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Predicting Pancreatitis

Predicting Pancreatitis

Recognizing a post-procedure reaction can save dollars and lives.

A journal article authored by Johns Hopkins physicians and researchers says that the absence of a systemic inflammatory response to a common endoscopic procedure could lead to shorter hospital stays and increased health care savings.

In the March issue of the journal Pancreatology, author and director of the Johns Hopkins Pancreatitis Center Vikesh Singh and his colleagues wrote that systemic inflammatory response syndrome, or SIRS, following endoscopic retrograde cholangiopancreatography, or ERCP, is an accurate, inexpensive and easy-to-obtain predictor of a severe form of a condition that frequently leads to long inpatient stays.

When patients develop or have SIRS on the second day after their ERCP, Singh says they’re at high risk to develop severe acute pancreatitis, and this results in a long hospitalization.

On the other hand, patients who don’t have a SIRS reaction are almost a sure bet to tolerate the procedure with no trouble. Recognizing those patients, says Singh, could reduce costs by eliminating unnecessary hospitalizations.

Studying data from 12 years of Johns Hopkins Hospital admissions for post-ERCP pancreatitis, Singh says the condition isn’t common, but it is dangerous—and preventable.

Almost one in 10 outpatients develops pancreatitis after the procedure. “That’s a pretty high complication rate,” says Singh. Most of the cases fall into the mild to moderate range of disease severity and are hard to predict.

But Singh and his Johns Hopkins co-authors say that SIRS is a reliable predictor of which patients are likely to develop severe acute post-ERCP pancreatitis and, just as importantly, which patients are not.

ERCP uses endoscopy and X-rays to diagnose and treat problems of the biliary and pancreatic ductal systems. The endoscopist accesses the system through the major duodenal papilla. Most patients tolerate the procedure with very few problems. “But to get where you’re going, there can be a fair bit of trauma to the pancreas,” Singh says. “In some patients, that trauma can cause some edema, which can block the pancreatic duct.”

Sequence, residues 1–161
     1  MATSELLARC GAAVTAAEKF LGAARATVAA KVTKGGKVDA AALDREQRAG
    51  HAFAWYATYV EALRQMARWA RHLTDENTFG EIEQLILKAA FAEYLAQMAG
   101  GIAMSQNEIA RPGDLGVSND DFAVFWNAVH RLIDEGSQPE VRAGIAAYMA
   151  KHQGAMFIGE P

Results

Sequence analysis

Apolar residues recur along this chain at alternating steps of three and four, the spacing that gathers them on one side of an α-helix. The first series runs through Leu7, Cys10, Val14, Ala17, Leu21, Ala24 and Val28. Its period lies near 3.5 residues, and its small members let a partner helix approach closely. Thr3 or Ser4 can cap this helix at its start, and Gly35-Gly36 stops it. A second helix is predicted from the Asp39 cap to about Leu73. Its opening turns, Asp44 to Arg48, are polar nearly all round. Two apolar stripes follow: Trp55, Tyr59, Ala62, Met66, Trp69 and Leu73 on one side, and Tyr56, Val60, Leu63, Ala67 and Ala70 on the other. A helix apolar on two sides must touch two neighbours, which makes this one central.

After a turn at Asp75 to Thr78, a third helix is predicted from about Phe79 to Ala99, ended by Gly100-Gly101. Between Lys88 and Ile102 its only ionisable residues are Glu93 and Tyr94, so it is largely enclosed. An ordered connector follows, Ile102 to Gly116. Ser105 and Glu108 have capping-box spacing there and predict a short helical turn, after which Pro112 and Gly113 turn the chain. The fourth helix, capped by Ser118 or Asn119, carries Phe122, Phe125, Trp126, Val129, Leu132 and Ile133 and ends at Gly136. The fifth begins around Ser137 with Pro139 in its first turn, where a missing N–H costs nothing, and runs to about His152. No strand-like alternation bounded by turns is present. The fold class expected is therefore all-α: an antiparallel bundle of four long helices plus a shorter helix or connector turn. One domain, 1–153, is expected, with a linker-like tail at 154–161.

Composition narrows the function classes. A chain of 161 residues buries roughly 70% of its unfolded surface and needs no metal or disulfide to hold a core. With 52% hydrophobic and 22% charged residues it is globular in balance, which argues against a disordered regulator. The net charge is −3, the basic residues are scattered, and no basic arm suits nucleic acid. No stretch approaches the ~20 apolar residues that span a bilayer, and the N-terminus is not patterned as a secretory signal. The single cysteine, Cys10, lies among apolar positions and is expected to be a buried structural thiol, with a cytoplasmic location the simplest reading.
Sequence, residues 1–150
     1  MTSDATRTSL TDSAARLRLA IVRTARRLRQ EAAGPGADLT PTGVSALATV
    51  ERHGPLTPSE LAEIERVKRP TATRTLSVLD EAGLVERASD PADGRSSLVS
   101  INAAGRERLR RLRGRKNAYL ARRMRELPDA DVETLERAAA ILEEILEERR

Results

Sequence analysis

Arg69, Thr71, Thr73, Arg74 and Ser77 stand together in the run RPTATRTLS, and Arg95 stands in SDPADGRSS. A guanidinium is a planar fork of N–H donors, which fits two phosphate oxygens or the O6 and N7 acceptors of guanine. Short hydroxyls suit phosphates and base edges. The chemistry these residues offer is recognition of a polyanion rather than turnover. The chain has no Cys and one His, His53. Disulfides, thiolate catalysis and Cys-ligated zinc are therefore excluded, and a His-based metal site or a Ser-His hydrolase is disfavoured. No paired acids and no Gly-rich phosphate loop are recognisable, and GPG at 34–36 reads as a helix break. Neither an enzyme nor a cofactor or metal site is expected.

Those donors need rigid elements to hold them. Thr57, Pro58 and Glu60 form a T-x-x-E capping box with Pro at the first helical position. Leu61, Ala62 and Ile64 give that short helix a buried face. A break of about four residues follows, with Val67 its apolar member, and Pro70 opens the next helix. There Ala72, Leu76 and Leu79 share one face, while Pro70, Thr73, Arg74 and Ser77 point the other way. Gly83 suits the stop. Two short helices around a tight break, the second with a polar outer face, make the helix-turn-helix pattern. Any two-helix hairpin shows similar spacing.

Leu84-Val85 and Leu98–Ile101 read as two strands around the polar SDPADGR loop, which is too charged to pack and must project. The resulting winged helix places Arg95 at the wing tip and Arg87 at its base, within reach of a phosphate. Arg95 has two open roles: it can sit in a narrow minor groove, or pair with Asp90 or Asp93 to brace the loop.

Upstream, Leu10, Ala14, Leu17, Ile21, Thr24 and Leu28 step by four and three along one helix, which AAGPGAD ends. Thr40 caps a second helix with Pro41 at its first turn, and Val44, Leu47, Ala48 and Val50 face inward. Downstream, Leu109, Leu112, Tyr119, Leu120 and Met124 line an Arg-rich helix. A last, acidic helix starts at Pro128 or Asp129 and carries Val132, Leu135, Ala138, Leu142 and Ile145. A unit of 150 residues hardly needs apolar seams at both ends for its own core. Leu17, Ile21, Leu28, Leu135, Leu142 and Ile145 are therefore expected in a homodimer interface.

When patients begin to show a systemic reaction to ERCP, Singh recommends the prophylactic insertion of a rectal suppository of a nonsteroidal anti-inflammatory and/or placement of a pancreatic stent to prevent the duct blockage that leads to pancreatitis.

Using SIRS as a predictor of post-ERCP pancreatitis has great implications for how long a patient needs to stay in the hospital. Singh says that patients who develop severe post-ERCP pancreatitis often require hospital stays of 10 or more days. “For so many reasons, that’s what we’re trying to avoid,” says Singh. “This is a simple marker that gives us a lot of information.”

A SIRS diagnosis, says Singh, requires only a combination of a few vital signs and a laboratory measure that’s likely already in place.

“You can usually look at the vital signs that have already been done,” he says. “Patients are probably getting a leukocyte count anyway as part of their routine daily labs.”

Singh has done other research on SIRS and its predictive power.

“The negative predictive value of SIRS is almost perfect in this case,” says Singh. “If you don’t have that systemic inflammatory response after ERCP, we can be pretty sure you won’t develop severe pancreatitis either.”

 

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